India Gate
The India Gate is the national monument of India. Situated in the heart of New Delhi, India Gate was designed by Sir Edwin Lutyens. Originally known as All India War Memorial, it is a prominent landmark in Delhi and commemorates the 90,000 soldiers of the British Indian Army who lost their lives while fighting for the British Indian Empire, or more correctly the British Empire in India British Raj in World War I and the Third Anglo-Afghan War. It is composed of red sand stone and granite. Originally, a Statue of King George V had stood under the now-vacant canopy in front of the India Gate, and was removed to Coronation Park with other statues. Following India's independence, India Gate became the site of the Indian Army's Tomb of the Unknown Soldier, known as the Amar Jawan Jyoti (Immortal Soldier).

Site
The 42-metre tall India Gate is situated such that many important roads spread out from it. Traffic passing around India Gate used to be continuous until the roads were closed to the public due to terrorist threats. The lawns around Rajpath are thronged by people during the evening, when the India Gate is lit up. Rajpath is also thronged by ice cream and street food vendors during this time and is a popular picnic venue for families. The India Gate hexagon complex covers approximately 306000m² in area with a diameter of about 625m.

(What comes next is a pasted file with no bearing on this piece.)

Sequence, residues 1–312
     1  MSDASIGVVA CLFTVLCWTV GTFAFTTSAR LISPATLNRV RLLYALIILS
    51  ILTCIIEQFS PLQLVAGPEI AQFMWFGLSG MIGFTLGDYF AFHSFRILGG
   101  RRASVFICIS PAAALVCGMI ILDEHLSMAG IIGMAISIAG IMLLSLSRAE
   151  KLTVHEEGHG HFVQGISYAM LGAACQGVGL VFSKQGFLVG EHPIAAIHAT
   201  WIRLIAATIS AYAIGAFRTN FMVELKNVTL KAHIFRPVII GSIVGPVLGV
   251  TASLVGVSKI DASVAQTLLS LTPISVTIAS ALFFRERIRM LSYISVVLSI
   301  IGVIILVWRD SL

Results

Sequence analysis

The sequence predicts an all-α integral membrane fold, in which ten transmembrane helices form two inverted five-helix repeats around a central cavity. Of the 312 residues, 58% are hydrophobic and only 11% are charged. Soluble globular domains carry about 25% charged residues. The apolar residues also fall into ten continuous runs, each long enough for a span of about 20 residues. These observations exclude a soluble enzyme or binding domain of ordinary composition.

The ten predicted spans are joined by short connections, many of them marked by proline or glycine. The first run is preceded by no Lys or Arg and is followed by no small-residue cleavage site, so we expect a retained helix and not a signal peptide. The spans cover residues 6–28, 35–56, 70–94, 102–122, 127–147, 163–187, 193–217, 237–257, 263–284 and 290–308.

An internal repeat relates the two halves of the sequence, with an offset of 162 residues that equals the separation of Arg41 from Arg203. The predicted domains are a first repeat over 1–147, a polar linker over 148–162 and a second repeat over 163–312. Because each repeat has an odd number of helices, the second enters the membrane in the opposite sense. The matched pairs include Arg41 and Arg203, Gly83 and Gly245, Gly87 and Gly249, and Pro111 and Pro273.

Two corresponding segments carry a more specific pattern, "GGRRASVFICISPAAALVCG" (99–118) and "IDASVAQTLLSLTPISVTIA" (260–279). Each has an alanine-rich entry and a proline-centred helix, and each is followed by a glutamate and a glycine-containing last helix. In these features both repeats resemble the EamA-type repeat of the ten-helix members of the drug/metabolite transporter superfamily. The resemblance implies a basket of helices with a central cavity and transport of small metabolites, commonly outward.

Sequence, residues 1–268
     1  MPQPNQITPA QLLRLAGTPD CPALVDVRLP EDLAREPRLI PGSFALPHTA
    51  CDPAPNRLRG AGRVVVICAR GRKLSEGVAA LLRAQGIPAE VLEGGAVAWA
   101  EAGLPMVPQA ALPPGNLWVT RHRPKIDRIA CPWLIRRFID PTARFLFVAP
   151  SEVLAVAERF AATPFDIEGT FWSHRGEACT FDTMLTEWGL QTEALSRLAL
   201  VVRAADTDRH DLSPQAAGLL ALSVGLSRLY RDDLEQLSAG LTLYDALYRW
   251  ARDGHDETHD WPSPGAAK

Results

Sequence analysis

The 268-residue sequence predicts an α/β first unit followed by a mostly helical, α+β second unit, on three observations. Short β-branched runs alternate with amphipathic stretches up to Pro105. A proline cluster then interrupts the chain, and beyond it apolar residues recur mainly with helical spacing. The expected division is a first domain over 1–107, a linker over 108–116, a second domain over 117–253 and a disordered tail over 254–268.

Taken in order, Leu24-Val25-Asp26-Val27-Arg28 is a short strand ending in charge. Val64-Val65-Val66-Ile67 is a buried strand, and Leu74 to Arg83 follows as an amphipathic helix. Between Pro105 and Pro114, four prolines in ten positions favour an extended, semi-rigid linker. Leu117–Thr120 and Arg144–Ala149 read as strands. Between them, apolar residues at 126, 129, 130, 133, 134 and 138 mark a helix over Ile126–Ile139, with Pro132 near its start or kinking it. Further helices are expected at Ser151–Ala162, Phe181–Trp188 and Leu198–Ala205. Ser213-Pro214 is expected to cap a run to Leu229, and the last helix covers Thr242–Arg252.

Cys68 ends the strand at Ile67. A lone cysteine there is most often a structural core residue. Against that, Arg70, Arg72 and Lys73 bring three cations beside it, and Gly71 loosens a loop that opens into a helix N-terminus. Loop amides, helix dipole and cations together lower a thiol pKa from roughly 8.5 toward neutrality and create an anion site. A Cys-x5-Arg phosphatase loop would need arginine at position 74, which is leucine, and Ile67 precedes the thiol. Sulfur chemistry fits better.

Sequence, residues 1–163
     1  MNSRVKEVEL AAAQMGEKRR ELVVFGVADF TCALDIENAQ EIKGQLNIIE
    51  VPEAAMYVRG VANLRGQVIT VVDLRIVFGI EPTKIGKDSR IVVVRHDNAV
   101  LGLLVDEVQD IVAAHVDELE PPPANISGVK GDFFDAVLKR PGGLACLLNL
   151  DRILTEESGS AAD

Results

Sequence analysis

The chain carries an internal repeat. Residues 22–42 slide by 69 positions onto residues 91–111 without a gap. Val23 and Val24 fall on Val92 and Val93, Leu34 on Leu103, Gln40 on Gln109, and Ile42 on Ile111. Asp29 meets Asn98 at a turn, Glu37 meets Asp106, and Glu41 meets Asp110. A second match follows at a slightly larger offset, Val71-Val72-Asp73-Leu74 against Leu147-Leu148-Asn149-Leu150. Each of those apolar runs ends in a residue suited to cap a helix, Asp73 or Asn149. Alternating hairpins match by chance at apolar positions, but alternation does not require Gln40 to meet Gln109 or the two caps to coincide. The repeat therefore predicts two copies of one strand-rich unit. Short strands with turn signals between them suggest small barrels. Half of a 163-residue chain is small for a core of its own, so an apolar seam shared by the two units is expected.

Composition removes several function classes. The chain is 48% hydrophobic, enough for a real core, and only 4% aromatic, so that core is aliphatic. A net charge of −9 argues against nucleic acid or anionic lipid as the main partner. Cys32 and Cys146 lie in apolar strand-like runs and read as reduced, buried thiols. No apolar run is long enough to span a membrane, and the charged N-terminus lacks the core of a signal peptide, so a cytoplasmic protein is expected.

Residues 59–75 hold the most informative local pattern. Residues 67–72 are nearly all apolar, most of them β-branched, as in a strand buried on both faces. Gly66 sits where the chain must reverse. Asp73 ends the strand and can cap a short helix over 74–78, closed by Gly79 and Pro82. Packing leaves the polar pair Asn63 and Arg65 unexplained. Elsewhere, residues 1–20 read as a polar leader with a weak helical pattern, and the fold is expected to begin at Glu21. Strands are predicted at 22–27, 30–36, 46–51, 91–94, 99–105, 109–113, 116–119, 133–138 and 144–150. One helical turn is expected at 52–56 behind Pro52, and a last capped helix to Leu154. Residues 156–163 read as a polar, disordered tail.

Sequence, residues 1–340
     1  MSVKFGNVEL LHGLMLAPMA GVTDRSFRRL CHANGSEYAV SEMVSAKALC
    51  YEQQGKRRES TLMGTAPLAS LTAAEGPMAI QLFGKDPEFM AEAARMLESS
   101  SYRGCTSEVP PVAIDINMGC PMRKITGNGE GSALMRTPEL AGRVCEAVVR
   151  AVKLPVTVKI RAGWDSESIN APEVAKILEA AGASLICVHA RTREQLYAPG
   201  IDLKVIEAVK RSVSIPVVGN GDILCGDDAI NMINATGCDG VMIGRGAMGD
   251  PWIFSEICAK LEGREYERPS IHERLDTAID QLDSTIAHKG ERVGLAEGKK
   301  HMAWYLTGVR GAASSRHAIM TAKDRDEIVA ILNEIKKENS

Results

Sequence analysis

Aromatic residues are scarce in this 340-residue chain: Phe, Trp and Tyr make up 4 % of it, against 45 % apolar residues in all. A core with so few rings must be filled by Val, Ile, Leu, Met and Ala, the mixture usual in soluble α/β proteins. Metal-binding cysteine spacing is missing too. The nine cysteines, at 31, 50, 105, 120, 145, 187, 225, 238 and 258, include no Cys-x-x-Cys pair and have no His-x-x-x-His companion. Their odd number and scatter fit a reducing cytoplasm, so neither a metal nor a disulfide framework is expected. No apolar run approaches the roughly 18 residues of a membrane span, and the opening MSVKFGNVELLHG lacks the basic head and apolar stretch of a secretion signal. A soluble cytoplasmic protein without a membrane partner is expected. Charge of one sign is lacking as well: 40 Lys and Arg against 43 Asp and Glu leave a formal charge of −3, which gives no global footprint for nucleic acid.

Amar Jawan Jyoti
Burning in a shrine under the arch of India Gate since 1971 is the Amar Jawan Jyoti (the flame of the immortal warrior) which marks the Tomb of the Unknown Soldier. The shrine itself is a black marble cenotaph with a rifle placed on its barrel, crested by a soldier's helmet. Each face of the cenotaph has inscribed in gold the words "Amar Jawan" (Immortal Warrior). This cenotaph is itself placed on an edifice which has on its four corners four torches that are perpetually kept alive. It was unveiled in 1931. Today, it is customary for the President and the Prime Minister, as well as visiting Guests of State, to pay homage at the site on occasions of State ceremonies, and each Republic Day, 26 January, the Prime Minister pays homage to the soldiers along with Heads of Armed Forces, before joining the annual parade at the Rajpath.

Canopy
Standing right behind the gate is an empty canopy of made out of sandstone, also designed by Lutyens, and inspired by a 18th century Mahabalipuram pavilion, that until Independence of India in 1947 had the statue of King George V, which now stands in the Coronation Park, Delhi. There were multiple plans and calls to have a seated or standing statue of Mahatma Gandhi installed, which were subject to debate and have not been agreed upon.

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